Chile is a country that has its beauty in so many diverse ways that for the two years I had journeyed with the Columbans there I realized there is more to learn about mission then just going out and preaching the Gospel to the people. A familiar site for missionaries are the boundaries that every missionary must learn to cross, one of the first ones is an attempt to achieve the boundary of language. For some countries it may take longer to learn, and others may be shorter.
You travel a long way from the United States of America to reach Australia which is accurately described as "Down Under." New Zealand is also "Down Under," a little bit further down to the south and east. It is significant for "Aussies" not to be identified as "Kiwis" and just as importantly for "Kiwis" not to be identified as "Aussies." In New Zealand lives a unique flightless bird called a kiwi, hence the name for New Zealanders. Together we form the Australia/New Zealand (ANZ) Region.
Journalists, writers, reporters, commentators will just have to curb their passion for speaking and exposing the truth if they want to continue to live. Too many end up a corpse in a cold dark morgue, silence their only companion. That is just the way it is in the Philippines and elsewhere. More than 146 journalists have been assassinated since 1986.
"Remember your last end," scripture admonishes us. Yet it seems that few people do, or maybe they remember when they attend a funeral or hear of a friend's death. "Like a drop of sea water, like a grain of sand, of are these few days among the days of eternity." (Sirach 18:8) When our days are overloaded with distractions, we block out the thought that one day we will not be here.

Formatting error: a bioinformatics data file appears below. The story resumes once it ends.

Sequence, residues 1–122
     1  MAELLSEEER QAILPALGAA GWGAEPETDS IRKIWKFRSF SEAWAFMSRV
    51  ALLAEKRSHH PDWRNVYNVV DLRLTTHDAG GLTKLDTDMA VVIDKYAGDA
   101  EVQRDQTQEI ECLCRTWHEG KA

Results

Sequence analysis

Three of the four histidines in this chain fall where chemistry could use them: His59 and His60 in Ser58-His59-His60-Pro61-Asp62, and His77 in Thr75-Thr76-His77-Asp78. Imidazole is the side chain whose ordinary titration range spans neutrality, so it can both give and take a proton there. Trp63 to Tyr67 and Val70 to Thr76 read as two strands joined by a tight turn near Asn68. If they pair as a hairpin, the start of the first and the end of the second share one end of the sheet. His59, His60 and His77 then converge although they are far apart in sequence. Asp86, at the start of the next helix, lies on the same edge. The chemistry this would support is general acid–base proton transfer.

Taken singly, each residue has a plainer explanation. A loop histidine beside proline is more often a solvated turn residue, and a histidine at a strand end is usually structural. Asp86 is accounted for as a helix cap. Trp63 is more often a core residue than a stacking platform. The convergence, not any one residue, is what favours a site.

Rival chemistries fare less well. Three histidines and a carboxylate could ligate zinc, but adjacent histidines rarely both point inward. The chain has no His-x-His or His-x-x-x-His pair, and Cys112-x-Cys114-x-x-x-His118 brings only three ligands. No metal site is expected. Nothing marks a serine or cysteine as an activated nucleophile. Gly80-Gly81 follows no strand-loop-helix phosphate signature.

When the last group of Columban missionaries left Myanmar in 1979, they did so with heavy hearts.
Having spent a major part of their lives ministering to the Kachin tribe there, they had grown old, while some of them had developed health issues. Their sadness in saying goodbye was deepened by the fact that no one was coming to replace them; the military-socialist government had long decreed that no new missionaries were welcome. Therefore, both Columban missionaries as well as the Kachin tribe mourned the end of an era.
Archbishop Petero Mataca confirmed about 50 young people at Nabala (Fiji) today. As part of the preparation we priests had invited Beniamino, a blind dau ni vucu (composer) from Bua Vou Village to teach a meke (group dance). He stayed with us for about six weeks. I noticed that each time he
After 34 years of missionary work in Pakistan, I came to Rome at the end of 2011 to serve as the procurator-general of the Missionary Society of St. Columban. The Columbans have a residence in Rome called Collegio San Colombano for priests who are studying in Rome, for those who have official business and also for visitors. This is where I live.
The Columban Fathers' house in Bristol, Rhode Island, was a seminary for many years, but in the 1960's there were a few vacant priest rooms and a few retired Columbans moved in. Gradually the house changed from being a place where we trained our newest members to being a place where our oldest members live.
It was a hot, sunny day in February when we four seminarians and four lay people from the Columban Mission Collaborators (CMC) set out to prepare for a month of mission in the north of Lima, Peru. After seven hours of traveling we finally managed to reach the small town we would come to know as Jimbe, a small community of people comprised mainly of farmers.